Bernie Sanders has an enthusiastic base, but faces questions of how far he is willing to take his campaign against Hillary Clinton
Campaign Manager Jeff Weaver said Sanders will make an appeal to Democratic superdelegates
Despite a 15-point defeat in New York and a slate of challenging primaries next week, Sanders is pressing on and responding to his supporters who remain enthusiastic about his candidacy and are clearly not ready for Clinton.
He drew loud cheers Tuesday from a crowd of more than 6,000 at Penn State University as he ticked through a familiar list of criticism against Clinton, from paid speeches to Wall Street contributions to trade. Sanders, whose outsider campaign has featured attacks and anger against the Democratic establishment, drew a hard line against Clinton, and his crowd, at least, reveled in it.
Then, his campaign manager Jeff Weaver defiantly said that even if Clinton went into the Democratic convention with a lead in both pledged delegates and the popular vote, Sanders would pressure the superdelegates to pick him over the former secretary of state.
Clinton’s campaign, eager to move past Sanders and focus on the general election, is getting impatient and even angry at some of the attacks.
One in particular has Clinton worried. Sanders’ campaign is raising the issue of whether the Clinton campaign is violating campaign finance rules with how it raises money jointly with the Democratic National Committee – an argument that has the Clinton people “pissed,” as one source told CNN.
The concern is that the theme could play into Donald Trump’s recent moniker for her – “Crooked Hillary” – especially if he is the Republican nominee.
They worry about the impact of such attacks because they’re not aimed just at Clinton but also at the DNC and could weaken the nominee in a general election fight.
Jennifer Palmieri, Clinton’s communications director, told reporters Tuesday night that the Sanders campaign “has been destructive” to that point that he is “not productive to Democrats” and is “not productive for the country.”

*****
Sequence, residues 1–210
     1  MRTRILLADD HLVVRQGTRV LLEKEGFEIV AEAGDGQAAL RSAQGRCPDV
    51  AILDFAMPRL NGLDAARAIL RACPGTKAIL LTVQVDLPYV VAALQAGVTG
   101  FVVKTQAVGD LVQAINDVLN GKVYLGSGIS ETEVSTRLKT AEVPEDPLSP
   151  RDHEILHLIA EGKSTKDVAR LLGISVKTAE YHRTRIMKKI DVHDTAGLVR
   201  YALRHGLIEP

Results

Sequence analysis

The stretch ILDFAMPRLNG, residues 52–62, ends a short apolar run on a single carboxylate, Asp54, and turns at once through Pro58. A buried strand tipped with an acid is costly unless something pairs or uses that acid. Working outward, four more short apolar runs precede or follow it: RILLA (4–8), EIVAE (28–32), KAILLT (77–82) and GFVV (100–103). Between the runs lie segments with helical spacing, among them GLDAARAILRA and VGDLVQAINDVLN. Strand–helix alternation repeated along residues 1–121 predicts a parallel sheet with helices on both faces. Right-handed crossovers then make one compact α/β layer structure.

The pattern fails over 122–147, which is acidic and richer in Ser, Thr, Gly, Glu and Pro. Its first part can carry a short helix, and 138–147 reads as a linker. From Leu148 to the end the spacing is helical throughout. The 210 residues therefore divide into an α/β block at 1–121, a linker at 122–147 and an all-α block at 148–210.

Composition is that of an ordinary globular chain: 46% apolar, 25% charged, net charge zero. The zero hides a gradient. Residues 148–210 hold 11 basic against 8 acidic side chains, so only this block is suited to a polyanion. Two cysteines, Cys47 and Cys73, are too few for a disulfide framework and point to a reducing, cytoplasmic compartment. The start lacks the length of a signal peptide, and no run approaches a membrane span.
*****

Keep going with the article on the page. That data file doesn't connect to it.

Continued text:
Decrying what she described as “false character attacks,” Palmieri compared them to criticism Clinton gets from the GOP. “And any time you mimic Republican attacks, we think that is destructive.”
Sanders adviser Tad Devine, speaking on CNN’s “At this Hour” Wednesday, rejected calls for a change in tone from the Sanders campaign, citing edit polling from Tuesday.
“I couldn’t disagree more with their mischaracterization of what’s going on, and I’d point to exit polls from New York,” Devine said.
“Now this is in a state where Hillary Clinton won 58% of the vote yet 46% of the New York respondents said the Clinton campaign was more unfair, 34% said the Sanders campaign,” he said. “So even in a state that she won overwhelmingly, the voters who had a front row seat to the campaign said they were more unfair.”
And 66% of Democrats said the primary contest is “energizing” the party, according to exit polls, Devine noted.
“I hear what they’re saying, but what they’re saying is being refuted by the voters themselves,” he said.
Sanders, speaking to reporters late Tuesday night after arriving home in Vermont, said he plans to return to Pennsylvania on Thursday after taking a day off “to get recharged.”
“While I congratulate Secretary Clinton, I must say I am really concerned about the conduct of the voting process in New York today and I hope that process is changed in the future. I know I am not alone,” he said, citing “voter irregularities and chaos at the voting places.”
“We think we have a message that is resonating,” Sanders added. “We think that the message we are bringing forth that we have got to change a corrupt campaign finance system, deal with a rigged economy, and deal with a broken criminal justice system.”
Weaver on superdelegates
But while Sanders was defiant at his rally, it was a television interview with Weaver that got Democrats in both camps buzzing on social media.
Pressed several times by MSNBC’s Steve Kornacki about what Sanders would do if Clinton emerged after the June primaries with the lead in both pledged delegates and the popular vote, Weaver eventually declared that the show would go on, with a pitch towards electability in the fall.
“At the end of the day the Democrats are going to have to decide who they want to elect in terms of who’s going to be the best in November,” Weaver said. “And clearly the polls are almost unanimous now that Bernie Sanders is a much more electable candidate in November.”
Sanders, Weaver said, would work to win over superdelegates, the collection of more than 700 Democratic party officials and current and former elected leaders free to vote as they please at the national convention.